WRAS Hits the Airwaves
The 100,000-watt Voice of Georgia State spun its first record more than 40 years ago
Although WRAS is now the most powerful and one of the most highly respected all-student-programmed radio station in the country with more than 50,000 weekly listeners, the station humbly began in the 1960s with a hand-me-down FM signal.
What we now know as WRAS, Album 88 at 88.5 FM, was our second station and signed on the air Jan. 18, 1971, when we were Georgia State College. Very little is known about our first radio station in the 1960s, except that there was a small studio in Sparks Hall broadcasting on WPLO 103.3 FM. At that time, FM stations were barely profitable, so the corporate owners of WPLO allowed our students to broadcast a variety of programming.
By 1969, FM stations in San Francisco, New York and other major markets began tapping into the music of the Woodstock generation, and the owners of WPLO-FM now knew they could turn a profit with their own programming. Students were soon told of the loss of the station, so they lobbied the administration for a permanent solution.
On Nov. 12, 1969, Georgia State University (which had been given university status earlier that year) filed with the Federal Communication Commission (FCC) for a station at 88.5 FM. The FCC granted a construction permit for WRAS in February 1970 to operate at 19,500 watts, with two small studios in what is now the University Center.
Our first chief engineer, Harvey Morris, took such care to create a clean sound that the station was often used to demonstrate “hi-fi” stereo equipment in audiophile retail stores. WRAS also scored a technological first, along with Georgia Tech’s WREK 91.1, when in 1974 both stations aired the world’s first simulcast of The Who’s “Quadrophenia” album in “quadrophonic sound” using technology that gave the listener two front and two rear channels of sound.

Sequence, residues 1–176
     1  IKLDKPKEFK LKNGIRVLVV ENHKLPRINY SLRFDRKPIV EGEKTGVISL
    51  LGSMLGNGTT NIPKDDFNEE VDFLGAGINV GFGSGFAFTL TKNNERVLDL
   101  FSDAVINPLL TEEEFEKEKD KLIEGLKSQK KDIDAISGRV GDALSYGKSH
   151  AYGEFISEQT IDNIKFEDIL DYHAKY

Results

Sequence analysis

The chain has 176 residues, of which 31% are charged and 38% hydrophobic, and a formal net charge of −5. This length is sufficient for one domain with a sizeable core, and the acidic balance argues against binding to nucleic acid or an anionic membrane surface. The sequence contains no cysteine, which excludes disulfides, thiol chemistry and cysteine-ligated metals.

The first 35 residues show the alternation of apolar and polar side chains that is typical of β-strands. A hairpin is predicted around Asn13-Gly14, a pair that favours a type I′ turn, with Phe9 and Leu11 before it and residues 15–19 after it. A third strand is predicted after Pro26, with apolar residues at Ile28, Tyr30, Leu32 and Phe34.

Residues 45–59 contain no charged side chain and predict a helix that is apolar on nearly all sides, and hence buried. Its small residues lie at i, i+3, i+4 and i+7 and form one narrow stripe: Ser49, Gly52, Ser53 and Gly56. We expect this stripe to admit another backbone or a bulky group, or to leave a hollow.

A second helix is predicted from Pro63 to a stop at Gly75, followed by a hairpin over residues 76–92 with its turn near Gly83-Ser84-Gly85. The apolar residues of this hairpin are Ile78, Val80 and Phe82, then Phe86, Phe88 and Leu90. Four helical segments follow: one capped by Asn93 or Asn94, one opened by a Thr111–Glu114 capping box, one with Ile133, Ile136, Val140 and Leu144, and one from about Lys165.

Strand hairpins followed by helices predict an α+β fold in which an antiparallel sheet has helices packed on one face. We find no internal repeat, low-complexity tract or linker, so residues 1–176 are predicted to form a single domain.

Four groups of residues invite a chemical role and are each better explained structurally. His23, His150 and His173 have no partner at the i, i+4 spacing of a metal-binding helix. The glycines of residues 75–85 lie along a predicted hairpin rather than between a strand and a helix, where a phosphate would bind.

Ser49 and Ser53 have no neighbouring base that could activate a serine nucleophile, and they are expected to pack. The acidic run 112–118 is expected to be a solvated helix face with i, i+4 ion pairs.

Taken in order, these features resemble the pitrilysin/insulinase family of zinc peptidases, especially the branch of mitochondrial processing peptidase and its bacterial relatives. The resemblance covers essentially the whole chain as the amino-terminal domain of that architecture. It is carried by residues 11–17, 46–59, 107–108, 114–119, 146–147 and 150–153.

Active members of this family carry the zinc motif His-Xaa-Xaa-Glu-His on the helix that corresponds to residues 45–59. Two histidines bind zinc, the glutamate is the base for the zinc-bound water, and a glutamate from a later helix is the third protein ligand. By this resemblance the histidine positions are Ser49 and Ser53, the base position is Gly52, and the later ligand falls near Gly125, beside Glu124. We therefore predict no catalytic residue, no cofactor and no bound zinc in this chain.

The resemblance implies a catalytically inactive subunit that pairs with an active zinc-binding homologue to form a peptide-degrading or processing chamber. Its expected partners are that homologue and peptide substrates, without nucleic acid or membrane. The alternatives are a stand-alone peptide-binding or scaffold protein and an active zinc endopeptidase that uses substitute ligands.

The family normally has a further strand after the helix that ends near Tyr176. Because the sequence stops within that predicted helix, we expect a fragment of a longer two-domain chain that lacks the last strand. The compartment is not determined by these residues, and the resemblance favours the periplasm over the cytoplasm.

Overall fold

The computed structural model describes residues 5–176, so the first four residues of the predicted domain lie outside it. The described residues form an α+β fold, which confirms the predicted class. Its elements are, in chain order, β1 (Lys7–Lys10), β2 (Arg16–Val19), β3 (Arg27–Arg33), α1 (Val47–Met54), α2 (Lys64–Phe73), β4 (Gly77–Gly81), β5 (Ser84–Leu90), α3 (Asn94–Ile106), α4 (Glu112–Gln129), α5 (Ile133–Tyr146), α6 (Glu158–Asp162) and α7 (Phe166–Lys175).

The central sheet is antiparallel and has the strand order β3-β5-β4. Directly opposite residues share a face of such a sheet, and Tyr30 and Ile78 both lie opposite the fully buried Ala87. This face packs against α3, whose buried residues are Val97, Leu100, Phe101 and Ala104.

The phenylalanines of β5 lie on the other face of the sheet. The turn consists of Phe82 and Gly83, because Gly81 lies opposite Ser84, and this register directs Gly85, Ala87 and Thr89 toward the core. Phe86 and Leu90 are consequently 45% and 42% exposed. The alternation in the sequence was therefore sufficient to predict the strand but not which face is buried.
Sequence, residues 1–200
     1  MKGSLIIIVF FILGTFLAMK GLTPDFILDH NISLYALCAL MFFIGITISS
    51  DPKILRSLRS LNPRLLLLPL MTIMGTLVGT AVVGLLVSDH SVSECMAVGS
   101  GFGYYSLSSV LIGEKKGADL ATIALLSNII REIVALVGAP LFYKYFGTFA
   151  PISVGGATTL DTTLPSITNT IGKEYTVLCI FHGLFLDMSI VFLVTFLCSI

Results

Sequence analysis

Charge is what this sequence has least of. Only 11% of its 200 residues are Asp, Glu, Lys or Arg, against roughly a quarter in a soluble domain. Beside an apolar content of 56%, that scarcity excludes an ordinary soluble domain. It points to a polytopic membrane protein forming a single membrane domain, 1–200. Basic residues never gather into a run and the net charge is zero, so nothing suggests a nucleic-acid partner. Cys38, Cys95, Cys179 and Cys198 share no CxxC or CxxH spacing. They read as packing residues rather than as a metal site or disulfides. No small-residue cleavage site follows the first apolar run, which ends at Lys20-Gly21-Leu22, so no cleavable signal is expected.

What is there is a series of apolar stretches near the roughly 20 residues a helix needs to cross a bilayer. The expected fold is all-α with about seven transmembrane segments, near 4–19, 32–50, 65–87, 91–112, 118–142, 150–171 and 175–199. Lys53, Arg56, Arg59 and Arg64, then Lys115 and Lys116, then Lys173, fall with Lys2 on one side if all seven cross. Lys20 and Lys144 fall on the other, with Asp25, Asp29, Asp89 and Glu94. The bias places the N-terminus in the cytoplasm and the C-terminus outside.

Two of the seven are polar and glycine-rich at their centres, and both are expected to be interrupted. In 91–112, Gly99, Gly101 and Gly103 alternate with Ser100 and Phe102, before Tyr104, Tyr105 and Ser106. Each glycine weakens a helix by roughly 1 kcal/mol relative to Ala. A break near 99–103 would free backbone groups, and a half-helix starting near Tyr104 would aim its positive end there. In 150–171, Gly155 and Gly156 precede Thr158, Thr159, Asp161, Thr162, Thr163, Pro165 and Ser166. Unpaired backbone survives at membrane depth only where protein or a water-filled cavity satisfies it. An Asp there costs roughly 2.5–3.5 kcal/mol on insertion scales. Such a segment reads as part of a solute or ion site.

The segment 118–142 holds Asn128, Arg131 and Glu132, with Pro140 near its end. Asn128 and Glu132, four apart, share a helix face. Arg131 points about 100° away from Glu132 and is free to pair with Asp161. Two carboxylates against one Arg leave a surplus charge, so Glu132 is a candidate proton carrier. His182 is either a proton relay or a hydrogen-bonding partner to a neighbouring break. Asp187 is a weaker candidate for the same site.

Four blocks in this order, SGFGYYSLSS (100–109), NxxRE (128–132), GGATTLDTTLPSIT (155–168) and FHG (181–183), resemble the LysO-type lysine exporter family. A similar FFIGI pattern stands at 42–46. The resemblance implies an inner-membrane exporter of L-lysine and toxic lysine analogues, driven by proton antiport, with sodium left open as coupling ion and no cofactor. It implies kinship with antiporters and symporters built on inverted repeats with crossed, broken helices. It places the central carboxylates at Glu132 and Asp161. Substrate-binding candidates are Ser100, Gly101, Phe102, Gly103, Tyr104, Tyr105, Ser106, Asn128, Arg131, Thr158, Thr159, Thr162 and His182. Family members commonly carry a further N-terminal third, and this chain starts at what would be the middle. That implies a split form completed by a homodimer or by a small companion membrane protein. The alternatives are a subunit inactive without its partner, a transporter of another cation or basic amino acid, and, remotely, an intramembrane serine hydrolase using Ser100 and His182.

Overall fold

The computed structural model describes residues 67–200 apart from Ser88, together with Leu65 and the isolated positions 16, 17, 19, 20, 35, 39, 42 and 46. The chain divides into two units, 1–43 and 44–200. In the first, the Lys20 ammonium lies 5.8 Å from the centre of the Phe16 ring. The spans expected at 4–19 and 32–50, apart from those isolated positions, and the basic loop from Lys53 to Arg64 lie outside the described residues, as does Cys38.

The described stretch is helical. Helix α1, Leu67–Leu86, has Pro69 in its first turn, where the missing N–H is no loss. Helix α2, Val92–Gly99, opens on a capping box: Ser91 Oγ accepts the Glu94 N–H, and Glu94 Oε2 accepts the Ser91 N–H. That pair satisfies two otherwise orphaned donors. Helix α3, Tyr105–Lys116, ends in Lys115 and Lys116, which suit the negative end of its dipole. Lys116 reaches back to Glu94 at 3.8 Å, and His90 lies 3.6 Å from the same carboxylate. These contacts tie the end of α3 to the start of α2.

WRAS quickly earned the reputation of being one of the most influential and professionally run student stations in the nation. The station’s first general manager, Richard Belcher (B.B.A. ’72), is now with WSB-TV, as is Chuck Dowdle (B.A. ’72), the station’s first sports director. Thousands of students have followed, many remaining in the fields of broadcasting and public relations, as well as in the music recording industry. While most other college stations had poor training and little knowledge of programming, Georgia State students had access to professional equipment and a large audience. Our latest alumni are in leadership positions across the country, from Turner Broadcasting to National Public Radio.
After the station’s power increase to 100,000 watts in March 1987, most of the population of North Georgia could now hear the signal. For more than 25 years, WRAS has been the most powerful student-programmed station, airing more than 300 hours of Panther Sports programming per year and informative programs about Georgia State’s unique research and academic offerings.
The future of WRAS is strong, primarily because of the very nature of its service to the university and its programming. Radio is the ultimate mobile device, with no data caps and no subscription fees, covering the entire metropolitan Atlanta area. In terms of programming, while online services such as Pandora deliver music based on what a listener has already heard and can define, stations such as WRAS cull from among thousands of new releases each year to bring their audience the sounds that will define tomorrow’s musical trends.
Jeff Walker (B.S ‘ 83, M.S. ’88) began spinning records for WRAS as a student in 1976. He is now Assistant Vice President for Student Affairs Administration and WRAS adviser and operations manager.